“I wanted to show that every one of us has the capacity to live a life free of chronic and preventable diseases, and to raise healthy children, on any budget.”
Name: Agatha Achindu
Occupation: Wellness entrepreneur, founder of Yummy Spoonfuls
I’m originally from Cameroon, and I moved to the US in the 1990s. For years, I had begged my parents to come here because I’d seen American magazines and everyone in them looked so beautiful. But when I came here, people didn’t look vibrant or happy, in a way I couldn’t quite put my finger on.
When I went to the grocery store the first few times, I kept thinking, “Where’s the food?” The produce was in a little corner and everything else was prepackaged. I started connecting the dots between the food people were eating and the way they looked and felt.
I grew up knowing that food is medicine. I’ve been cooking since I was nine years old. I didn’t learn everything I know when I was in Cameroon or Nigeria, but the thing that’s always stayed in the back of my head is that people at home, rich or poor, were always happy. And I think that’s because they were taught generational health, that holistic health and sickness are a choice.
From generation to generation in America, people aren’t taught the things that make them healthy, so they can’t teach their children. Health is almost left to fate. People have an assumption that they’re going to get sick a few times in their life, and they can’t do anything to prevent it or feel better. But our bodies have the capacity to heal when we change our everyday choices.
So, I started recommending that my friends make certain little changes, and soon I became their go-to person for wellness questions. I started doing more research, then began hosting free workshops to teach people to read food labels and cook with fresh ingredients. Today, that doesn’t sound out of the ordinary, but back then it was.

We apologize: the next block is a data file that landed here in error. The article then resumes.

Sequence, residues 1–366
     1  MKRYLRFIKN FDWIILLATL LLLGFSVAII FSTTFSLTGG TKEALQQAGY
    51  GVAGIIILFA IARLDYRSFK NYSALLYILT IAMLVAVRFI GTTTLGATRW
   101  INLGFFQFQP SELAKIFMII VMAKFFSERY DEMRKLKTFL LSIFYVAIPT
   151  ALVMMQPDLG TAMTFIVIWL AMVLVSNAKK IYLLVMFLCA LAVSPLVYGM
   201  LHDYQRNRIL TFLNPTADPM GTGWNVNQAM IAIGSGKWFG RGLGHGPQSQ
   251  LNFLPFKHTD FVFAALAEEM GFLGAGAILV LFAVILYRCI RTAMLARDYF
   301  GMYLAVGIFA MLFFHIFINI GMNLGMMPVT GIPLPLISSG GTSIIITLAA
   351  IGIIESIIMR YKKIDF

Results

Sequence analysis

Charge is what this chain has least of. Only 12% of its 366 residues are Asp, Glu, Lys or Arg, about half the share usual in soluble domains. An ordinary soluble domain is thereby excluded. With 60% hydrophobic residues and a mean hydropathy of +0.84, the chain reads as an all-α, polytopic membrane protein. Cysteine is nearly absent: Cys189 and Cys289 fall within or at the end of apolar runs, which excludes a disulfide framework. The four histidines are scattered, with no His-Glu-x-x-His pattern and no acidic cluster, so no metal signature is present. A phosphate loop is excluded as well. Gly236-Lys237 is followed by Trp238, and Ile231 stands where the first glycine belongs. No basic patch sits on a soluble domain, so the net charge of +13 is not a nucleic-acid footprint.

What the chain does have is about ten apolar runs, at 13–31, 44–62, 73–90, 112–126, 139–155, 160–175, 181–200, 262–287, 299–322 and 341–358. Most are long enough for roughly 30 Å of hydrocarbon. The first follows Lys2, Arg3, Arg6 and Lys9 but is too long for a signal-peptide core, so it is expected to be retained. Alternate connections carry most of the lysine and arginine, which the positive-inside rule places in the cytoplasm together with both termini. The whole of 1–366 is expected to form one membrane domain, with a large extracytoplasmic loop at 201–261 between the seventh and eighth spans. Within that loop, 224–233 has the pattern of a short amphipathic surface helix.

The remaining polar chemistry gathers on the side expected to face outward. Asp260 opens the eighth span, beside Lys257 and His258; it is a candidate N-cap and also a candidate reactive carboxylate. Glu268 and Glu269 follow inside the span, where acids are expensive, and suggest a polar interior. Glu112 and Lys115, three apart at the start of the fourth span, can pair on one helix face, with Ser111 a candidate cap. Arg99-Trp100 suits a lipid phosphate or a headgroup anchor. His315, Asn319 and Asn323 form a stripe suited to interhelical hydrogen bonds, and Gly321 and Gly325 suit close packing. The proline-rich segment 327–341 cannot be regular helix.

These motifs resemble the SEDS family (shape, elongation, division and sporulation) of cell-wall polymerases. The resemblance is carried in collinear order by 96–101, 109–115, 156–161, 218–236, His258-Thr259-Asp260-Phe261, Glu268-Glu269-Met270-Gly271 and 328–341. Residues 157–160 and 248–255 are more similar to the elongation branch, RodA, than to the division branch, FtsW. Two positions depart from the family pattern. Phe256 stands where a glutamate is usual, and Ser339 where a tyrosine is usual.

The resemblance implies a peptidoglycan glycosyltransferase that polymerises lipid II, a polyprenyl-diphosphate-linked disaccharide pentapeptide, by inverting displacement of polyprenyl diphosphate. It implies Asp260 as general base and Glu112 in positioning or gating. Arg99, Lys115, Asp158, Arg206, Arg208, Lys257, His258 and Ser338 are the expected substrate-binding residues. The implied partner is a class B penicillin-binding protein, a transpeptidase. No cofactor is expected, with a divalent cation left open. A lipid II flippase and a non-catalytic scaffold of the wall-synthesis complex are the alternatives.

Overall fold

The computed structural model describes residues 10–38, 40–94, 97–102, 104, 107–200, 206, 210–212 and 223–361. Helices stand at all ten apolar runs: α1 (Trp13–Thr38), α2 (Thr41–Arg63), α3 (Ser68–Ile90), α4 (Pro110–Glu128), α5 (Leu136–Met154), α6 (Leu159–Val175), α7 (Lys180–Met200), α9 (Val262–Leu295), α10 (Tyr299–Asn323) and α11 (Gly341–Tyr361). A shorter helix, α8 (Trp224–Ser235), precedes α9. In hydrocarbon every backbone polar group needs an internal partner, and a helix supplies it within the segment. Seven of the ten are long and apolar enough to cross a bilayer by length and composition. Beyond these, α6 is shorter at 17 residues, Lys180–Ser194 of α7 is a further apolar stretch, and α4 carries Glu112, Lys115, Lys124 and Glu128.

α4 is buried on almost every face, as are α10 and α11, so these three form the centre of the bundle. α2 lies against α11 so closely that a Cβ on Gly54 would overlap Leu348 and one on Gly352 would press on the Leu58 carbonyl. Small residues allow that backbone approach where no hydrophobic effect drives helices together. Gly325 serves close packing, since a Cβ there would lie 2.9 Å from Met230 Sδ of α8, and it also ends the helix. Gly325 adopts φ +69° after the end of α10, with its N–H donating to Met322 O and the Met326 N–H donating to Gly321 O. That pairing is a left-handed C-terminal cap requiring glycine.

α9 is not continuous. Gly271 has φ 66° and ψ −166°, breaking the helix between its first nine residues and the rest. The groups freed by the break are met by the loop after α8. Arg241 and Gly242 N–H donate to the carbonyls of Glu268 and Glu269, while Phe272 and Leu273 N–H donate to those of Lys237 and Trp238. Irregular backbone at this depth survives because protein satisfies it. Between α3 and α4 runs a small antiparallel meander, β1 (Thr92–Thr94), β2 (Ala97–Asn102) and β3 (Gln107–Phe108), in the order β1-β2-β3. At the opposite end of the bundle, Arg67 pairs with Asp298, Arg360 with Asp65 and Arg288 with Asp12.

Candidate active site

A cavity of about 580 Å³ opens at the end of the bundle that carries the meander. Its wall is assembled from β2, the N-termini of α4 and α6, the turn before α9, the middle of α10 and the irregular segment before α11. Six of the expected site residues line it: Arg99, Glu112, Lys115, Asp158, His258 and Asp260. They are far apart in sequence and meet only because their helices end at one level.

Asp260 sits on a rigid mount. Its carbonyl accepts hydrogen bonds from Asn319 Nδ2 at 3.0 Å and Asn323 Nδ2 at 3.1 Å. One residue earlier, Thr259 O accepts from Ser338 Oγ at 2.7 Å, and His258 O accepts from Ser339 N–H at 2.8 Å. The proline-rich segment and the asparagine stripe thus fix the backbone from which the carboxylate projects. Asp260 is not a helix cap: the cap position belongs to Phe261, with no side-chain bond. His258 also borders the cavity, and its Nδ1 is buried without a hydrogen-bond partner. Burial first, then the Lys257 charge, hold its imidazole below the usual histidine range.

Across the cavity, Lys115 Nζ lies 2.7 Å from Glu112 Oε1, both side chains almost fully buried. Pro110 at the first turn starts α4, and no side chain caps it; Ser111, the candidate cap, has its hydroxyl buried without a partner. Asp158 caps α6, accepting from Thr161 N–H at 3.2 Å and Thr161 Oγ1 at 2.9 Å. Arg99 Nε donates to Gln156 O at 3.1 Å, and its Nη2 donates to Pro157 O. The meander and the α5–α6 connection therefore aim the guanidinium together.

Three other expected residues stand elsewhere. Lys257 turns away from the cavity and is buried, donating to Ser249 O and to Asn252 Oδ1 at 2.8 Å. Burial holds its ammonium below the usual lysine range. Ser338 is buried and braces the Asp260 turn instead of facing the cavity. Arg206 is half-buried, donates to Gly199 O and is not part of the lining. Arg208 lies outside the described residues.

When I got pregnant, I started looking into the baby food space, which I'd never paid attention to before. I remember going to the grocery store and finding canned baby food on the shelf that had been packaged two or three years ago! That was not okay with me.
So, I started teaching people how to make food for their kids. When I realized I had an audience of about 40,000 moms, it occurred to me that this could be a business. A comment from one workshop attendee planted the seed for Yummy Spoonfuls: she wanted the convenience of someone else cooking this good food. And moms should never feel any guilt because they don’t want to cook all the food.
With my company and all my free teaching and recipe sharing, I want to help my community thrive. I went to the Institute of Integrative Nutrition because I wanted to show that every one of us has the capacity to live a life free of chronic and preventable diseases, and to raise healthy children, on any budget.
My purpose is to help people live a whole, full and vibrant life. To me, that means nutrition and exercise, but also the mind and the way we manage stress. It means reducing toxins in the everyday environment and getting plenty of fresh air. It means supporting the immune system by maintaining healthy gut bacteria. It means sleep and rest, our relationships, our work life, and our spirituality. All of these pillars affect all of our being.
And an often-overlooked part of health is joy and balance. If you’re on a strict diet plan that you hate, you’re not enjoying your life. This moment is all you have. If eating vegan makes you happy, eat vegan. But if it’s forced, you’re missing your purpose.
Life shouldn’t always be about discipline. Discipline is okay for work and order. But for your everyday life, you want to get to a place of joyful rest. To live fully and vibrantly, we need to slow down.
Every day, I get messages that people changed their habits and their health because of something I taught. It brings me joy because I’m making a difference in somebody else’s life. That kind of success is different from the money I make. I call it peaceful success.
We have to slowly start changing what’s valued in our community, and it starts with everyday choices in our homes.